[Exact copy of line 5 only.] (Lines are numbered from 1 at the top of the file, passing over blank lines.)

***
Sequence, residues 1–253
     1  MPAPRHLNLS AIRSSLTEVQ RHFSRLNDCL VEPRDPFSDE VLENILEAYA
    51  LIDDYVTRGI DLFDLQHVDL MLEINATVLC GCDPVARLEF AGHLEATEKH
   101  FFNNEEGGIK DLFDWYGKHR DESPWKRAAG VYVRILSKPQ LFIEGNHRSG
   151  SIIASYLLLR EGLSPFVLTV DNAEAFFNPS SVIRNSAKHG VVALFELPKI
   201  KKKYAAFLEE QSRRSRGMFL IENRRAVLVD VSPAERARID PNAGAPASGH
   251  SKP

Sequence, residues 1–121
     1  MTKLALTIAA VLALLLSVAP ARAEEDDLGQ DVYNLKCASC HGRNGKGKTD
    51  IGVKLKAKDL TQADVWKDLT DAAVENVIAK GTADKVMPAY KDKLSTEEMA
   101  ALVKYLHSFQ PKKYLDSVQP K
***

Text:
   151  SIIASYLLLR EGLSPFVLTV DNAEAFFNPS SVIRNSAKHG VVALFELPKI